Army of Darkness (1992)
Director: Sam Raimi
Screenwriter: Sam Raimi, Ivan Raimi
Starring: Bruce Campbell, Embeth Davidtz, Marcus Gilbert, Ian Abercrombie, Richard Grove, Bridget Fonda, Ted Raimi
The Evil Dead films, led by Sam Raimi’s directorial ingenuity and complimented by Bruce Campbell’s legendary performances as Ash Williams, make up one of the most original horror trilogies in cinema history. The series’ ability to balance horror and suspense with comedic timing has paved the way for self-aware franchises like Scream, and has made Sam Raimi as close to a household name as any contemporary filmmaker. Over the decade-plus in which the would-be director of Spider-Man helmed Evil Dead (1981-1993), the resourceful filmmaker took horror in new directions and established new filmmaking techniques, the trilogy’s end-point – 1993’s Army of Darkness (also known as Evil Dead III: Medevil Dead) – being as far removed from the first two films as possible, whilst still being a celebration of Raimi’s unique directorial style. Army of Darkness is an over the top, campy, fever dream of a comedy film that could only work with a director as fearless as Sam Raimi and a character as ridiculous yet charming as Ash Williams.
The moronic, chainsaw-armed, shotgun-waving, S-Mart employee Ash (Campbell) has once again found himself subject to the curses of the Necronomicon and it’s more ridiculous than ever before….
The book of the dead transports Ash and his ‘73 Oldsmobile Delta to 1300 AD in the middle of an altercation between King Arthur and Duke Henry the Red. Despite his pleas for their understanding, Ash is captured and enslaved by Arthur’s men and accused of being a spy for Henry’s army. Soon after, he is put to the test by the people of the castle and eventually proves himself to be the prophesied “chosen one’ who’s come to save them from the fight against the Deadites. He reluctantly agrees to assist after ensuring safe passage back to his own time, which leads him down a road of wacky hijinks that are impossible to predict. Unsurprisingly, as he journeys on, Ash’s own buffoonery unleashes an army of Deadites upon King Arthur’s kingdom and he must fulfil his new duty as the savior to the people.
This ridiculous plot is the perfect playground for filmmaking creativity, exemplified in a scene in which Ash is led to a windmill (followed by Raimi’s now iconic shaky-cam technique) by the Necronomicon’s curse and tormented by a bunch of mini-Ashes. The goofs go back and forth for quite some time, both versions of Ash engaging in Charlie Chaplin-esque gags. At one point, a mini-Ash jumps into regular Ash’s mouth, so the hero chases the dive with boiling hot water, delivering one of the many unreal one liners of this film: “How about some hot chocolate, huh?” The entire scene feels straight out of a ‘Looney Tunes’ episode, which is a dramatic shift from the NC-17 gore overload that was the series’ freshman attempt.
Army of Darkness’ predecessors balanced horror and comedy with favor to the former, but this film breaks entirely new ground by completely embracing the campiness of the series with barely any horror left to latch onto. While there are still moments of spurting blood, dismembered Deadites, and gruesome fight scenes, Army of Darkness is closer to Monty Python and the Holy Grail (1975) than The Exorcist (1973). The unhinged bookend to the Evil Dead series is downright hilarious in all of its ridiculousness and excels as an homage to slapstick comedy and exciting camerawork.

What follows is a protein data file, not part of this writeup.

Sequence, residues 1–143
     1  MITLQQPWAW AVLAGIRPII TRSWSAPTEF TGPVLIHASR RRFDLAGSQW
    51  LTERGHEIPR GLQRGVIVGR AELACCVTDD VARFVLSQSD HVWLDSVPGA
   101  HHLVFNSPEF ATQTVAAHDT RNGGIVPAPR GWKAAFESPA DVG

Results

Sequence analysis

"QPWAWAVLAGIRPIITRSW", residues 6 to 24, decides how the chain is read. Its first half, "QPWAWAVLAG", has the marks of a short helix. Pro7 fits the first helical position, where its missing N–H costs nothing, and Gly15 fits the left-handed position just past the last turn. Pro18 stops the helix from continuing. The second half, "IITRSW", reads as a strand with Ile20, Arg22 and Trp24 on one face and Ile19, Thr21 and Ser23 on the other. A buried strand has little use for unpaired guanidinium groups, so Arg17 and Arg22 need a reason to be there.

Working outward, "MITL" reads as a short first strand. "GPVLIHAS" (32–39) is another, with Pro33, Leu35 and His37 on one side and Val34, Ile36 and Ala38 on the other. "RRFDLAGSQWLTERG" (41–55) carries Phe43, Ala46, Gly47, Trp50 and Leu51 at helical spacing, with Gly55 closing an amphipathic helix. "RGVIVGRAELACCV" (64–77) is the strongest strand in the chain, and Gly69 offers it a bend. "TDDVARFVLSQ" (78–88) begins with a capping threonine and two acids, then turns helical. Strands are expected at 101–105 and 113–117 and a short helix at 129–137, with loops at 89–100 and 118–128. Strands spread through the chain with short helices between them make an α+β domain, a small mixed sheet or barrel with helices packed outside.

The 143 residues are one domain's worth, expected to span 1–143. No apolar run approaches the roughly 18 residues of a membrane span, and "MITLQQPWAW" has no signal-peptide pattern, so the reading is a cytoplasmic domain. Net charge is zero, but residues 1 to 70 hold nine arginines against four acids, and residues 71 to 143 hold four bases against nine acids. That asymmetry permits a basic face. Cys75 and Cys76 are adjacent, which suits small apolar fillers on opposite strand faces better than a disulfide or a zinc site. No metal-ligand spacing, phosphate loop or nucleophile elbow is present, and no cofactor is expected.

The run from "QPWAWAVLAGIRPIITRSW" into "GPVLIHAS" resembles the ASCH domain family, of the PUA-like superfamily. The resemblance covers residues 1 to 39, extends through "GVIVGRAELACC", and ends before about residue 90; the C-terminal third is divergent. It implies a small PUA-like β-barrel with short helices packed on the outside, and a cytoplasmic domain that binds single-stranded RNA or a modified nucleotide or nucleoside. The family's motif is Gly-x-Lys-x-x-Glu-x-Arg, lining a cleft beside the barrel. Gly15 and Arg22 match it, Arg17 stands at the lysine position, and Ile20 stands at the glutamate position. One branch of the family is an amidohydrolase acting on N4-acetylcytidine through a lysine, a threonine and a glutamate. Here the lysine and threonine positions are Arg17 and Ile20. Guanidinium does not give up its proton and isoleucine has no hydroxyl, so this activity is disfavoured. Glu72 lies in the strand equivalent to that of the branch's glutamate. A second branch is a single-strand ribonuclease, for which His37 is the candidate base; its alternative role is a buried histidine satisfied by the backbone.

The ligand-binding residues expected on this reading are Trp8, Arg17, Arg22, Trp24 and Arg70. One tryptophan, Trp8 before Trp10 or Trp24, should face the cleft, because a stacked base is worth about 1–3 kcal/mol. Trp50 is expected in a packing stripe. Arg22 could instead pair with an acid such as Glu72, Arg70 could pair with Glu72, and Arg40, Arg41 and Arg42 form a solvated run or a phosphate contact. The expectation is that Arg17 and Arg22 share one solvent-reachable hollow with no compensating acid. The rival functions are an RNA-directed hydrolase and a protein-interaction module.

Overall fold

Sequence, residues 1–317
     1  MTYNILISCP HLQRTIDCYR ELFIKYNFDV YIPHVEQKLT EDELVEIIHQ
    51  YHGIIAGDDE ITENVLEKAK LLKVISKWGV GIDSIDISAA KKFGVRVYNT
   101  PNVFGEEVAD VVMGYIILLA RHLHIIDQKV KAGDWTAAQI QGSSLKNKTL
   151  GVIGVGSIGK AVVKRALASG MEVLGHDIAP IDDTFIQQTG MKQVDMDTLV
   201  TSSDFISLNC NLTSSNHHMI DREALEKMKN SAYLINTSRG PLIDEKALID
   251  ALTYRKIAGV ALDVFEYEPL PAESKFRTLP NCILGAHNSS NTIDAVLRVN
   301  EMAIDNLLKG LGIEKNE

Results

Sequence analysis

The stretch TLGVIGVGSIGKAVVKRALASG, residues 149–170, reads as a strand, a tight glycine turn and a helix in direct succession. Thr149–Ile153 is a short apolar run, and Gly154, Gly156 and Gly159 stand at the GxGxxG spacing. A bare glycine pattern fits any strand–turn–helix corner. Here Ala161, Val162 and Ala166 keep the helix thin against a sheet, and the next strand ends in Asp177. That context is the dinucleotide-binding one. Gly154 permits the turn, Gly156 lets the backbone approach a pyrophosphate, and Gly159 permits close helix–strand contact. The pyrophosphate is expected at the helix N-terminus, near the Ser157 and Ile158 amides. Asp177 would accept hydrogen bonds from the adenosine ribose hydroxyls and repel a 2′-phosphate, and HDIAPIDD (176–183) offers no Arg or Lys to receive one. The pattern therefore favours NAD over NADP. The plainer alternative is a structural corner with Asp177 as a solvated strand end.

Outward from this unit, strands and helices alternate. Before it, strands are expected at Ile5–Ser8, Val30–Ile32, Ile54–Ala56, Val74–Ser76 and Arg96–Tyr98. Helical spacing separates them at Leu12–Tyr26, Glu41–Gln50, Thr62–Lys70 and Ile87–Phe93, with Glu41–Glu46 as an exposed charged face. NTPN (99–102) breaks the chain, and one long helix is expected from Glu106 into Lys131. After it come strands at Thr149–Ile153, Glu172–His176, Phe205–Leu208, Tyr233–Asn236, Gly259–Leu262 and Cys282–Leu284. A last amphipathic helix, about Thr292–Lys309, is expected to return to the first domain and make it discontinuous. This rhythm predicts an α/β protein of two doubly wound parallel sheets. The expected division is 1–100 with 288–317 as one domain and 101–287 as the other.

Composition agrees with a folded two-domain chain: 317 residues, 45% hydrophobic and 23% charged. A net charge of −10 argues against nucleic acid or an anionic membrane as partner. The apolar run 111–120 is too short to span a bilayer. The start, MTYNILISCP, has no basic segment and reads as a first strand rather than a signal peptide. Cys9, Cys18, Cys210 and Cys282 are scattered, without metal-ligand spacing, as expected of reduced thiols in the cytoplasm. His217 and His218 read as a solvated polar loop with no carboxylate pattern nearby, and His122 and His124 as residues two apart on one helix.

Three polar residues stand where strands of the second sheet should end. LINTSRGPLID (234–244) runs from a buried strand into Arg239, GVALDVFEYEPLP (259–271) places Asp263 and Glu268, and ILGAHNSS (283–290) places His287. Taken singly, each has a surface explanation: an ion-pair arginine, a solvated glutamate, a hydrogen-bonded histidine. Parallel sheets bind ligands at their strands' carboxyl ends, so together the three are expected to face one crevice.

As fun and energetic Army of Darkness is, its overall story lacks the plot togetherness of Evil Dead II (1987) and suffers from uneven pacing that pulls you through various Ash shenanigans without a moment to digest what has just been on screen before the camera whacks your perspective and the story in an entirely different direction. However, Bruce Campbell’s undeniable charisma and screen presence makes it impossible to gripe for too long.
The Raimi and Campbell duo met in high school making films together and have stayed friends ever since. This long-standing connection between them as creatives and friends is palpable, with Campbell’s performance being the showcase of an actor truly comfortable in his own environment. It’s evident there is excitement behind the camera as well. Each shot is constructed with intention and stretched to its absolute potential; it’s as if Raimi had a creative vetting process for each scene where he’d put his screenplay to the test to see how far he could take it.
At the time of its release many fans were shocked at the tonal flip the film took, and many audiences were confused with Ash’s characterization (which was largely due to the extensive cuts made to the runtime of the theatrical cut of the film). Universal hacked Raimi’s 96-minute sequel down to 81 minutes and changed his original ending, with the studio calling it too much of a “downer”. Though the film’s original audience didn’t get to enjoy the fully realized product of Sam Raimi’s high-octane creativity until a decade later, the director’s cut of the film is now available in many forms, so you can enjoy another 30 years of this timeless gem.
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Written by Kae M.
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